Needless to say, the more hierarchical and centralized an organization is, the more entropy it generates internally.
I had an interesting conversation about my essay on the Red Queen Trap with someone on LinkedIn, and it made me think about something I did not explain in the essay.
In an ideal environment each element of a system will be acting rationally and striving towards its own preservation and, by extension, the preservation of the system. Rational action here can be understood as the action resulting in optimal energy efficiency from a given number of viable options, where optimal energy efficiency is a function of the energy that must be spent on the action vs the energy that is gained from performing the action. The scenario I describe in the Red Queen Trap essay is set in such an ideal environment.
However, in the real world individual network actors do not often act rationally towards their own or the system’s preservation. This is not necessarily out of stupidity or malice but is often due to limited information – what Clausewitz called ‘the fog of war’ – or a host of other potential motivations which appear irrational from the perspective of the system’s survival. What is more, the closer an actor is to the system’s decision-making centers, the higher the impact of their irrational decisions on the overall state of the system. The irrational decisions of front-line staff [the periphery] are of an entirely different magnitude to the irrational decisions of senior management [the decision-making center].
In practice this means that in complex hierarchical systems decision-making centers will have much higher entropy than the periphery. In other words, they will be dissipating a lot of energy on internal battles over irrational decisions, in effect actively sabotaging the internal cohesion of the system. As a reminder, the lower the internal cohesion of a system, the more energy the system must spend on performing itself into existence. The higher entropy of decision-making centers may be harder to observe in the normal course of operations but becomes immediately visible during special cases such as organizational mergers or other types of system-wide restructuring.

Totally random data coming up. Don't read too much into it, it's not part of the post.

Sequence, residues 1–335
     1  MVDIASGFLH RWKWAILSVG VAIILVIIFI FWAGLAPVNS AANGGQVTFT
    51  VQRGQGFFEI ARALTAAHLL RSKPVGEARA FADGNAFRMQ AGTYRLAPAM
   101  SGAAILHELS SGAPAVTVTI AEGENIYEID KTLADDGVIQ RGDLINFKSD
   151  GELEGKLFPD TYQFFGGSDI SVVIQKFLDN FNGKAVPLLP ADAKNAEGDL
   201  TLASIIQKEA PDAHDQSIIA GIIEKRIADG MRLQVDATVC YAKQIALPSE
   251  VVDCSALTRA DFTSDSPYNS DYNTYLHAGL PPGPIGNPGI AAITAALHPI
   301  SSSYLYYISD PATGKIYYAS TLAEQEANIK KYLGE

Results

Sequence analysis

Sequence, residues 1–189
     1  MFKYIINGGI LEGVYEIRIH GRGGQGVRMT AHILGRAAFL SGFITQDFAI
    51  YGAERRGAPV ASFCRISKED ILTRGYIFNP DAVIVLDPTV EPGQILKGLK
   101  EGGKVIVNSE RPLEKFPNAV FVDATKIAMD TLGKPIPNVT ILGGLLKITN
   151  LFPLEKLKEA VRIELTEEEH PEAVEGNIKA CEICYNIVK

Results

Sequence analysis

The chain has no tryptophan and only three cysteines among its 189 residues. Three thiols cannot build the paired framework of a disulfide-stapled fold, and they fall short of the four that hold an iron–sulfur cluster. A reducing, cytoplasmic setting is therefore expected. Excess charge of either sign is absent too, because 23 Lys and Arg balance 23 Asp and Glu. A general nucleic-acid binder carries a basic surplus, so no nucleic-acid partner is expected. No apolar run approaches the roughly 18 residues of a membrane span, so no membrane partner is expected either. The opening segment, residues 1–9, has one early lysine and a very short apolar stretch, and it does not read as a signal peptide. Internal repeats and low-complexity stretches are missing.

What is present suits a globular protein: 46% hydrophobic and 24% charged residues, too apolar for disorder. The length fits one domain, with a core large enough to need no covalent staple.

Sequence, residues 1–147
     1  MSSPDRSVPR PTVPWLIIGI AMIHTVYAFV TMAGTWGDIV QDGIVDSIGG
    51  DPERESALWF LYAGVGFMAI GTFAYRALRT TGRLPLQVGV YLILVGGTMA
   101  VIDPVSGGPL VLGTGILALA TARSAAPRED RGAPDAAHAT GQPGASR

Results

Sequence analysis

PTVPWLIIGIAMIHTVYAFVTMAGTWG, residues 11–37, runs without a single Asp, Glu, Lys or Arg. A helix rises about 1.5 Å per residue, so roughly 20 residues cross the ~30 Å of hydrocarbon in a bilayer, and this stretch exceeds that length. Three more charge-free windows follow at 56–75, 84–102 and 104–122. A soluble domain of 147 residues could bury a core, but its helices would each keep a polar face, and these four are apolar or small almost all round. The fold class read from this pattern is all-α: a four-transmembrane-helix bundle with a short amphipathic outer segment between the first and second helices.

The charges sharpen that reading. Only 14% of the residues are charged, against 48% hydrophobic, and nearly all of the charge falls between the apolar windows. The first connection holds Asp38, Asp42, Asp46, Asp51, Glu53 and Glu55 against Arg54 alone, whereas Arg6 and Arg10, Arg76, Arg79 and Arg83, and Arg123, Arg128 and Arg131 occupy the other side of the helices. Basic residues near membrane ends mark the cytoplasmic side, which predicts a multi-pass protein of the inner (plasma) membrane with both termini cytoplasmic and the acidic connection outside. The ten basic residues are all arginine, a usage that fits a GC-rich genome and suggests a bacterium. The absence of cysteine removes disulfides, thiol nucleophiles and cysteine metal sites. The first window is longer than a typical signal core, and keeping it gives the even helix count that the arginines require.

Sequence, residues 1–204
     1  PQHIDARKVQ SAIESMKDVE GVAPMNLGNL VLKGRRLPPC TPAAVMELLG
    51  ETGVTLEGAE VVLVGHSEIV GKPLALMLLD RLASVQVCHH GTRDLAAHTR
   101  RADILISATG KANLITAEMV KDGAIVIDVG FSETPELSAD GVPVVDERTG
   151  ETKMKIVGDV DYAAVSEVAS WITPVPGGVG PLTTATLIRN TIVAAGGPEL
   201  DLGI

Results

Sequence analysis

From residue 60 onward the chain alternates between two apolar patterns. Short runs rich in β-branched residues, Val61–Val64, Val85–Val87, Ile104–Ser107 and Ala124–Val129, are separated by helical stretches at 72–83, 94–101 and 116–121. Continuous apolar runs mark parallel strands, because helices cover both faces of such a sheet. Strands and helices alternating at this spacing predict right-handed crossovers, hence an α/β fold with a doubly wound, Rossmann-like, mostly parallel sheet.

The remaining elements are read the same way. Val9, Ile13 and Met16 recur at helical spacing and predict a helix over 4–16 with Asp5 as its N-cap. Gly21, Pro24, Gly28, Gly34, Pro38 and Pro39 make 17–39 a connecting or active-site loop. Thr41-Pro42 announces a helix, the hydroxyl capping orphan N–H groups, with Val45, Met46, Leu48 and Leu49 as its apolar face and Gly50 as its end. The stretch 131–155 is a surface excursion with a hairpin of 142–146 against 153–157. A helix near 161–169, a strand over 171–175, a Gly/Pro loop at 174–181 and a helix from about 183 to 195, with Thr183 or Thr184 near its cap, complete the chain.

The Red Queen Trap is to be found in the famous Red Queen paradox from Lewis Carroll’s Through the Looking Glass. In this story, a sequel to Alice’s Adventures in Wonderland, Alice climbs into a mirror and enters a world in which everything is reversed. There, she encounters the Red Queen who explains to her the rules of the world resembling a game of chess. Among other things, the Red Queen tells Alice:
It takes all the running you can do, to keep in the same place.
On the face of it, this is an absurd paradox, but it reveals an important insight about a critical point in the life of every system. Let me explain.
Every system, be that a single entity or a large organization, must perform itself into existence from moment to moment. If it stops doing that it succumbs to entropy and falls apart. Spoiler alert, in the long run entropy always wins.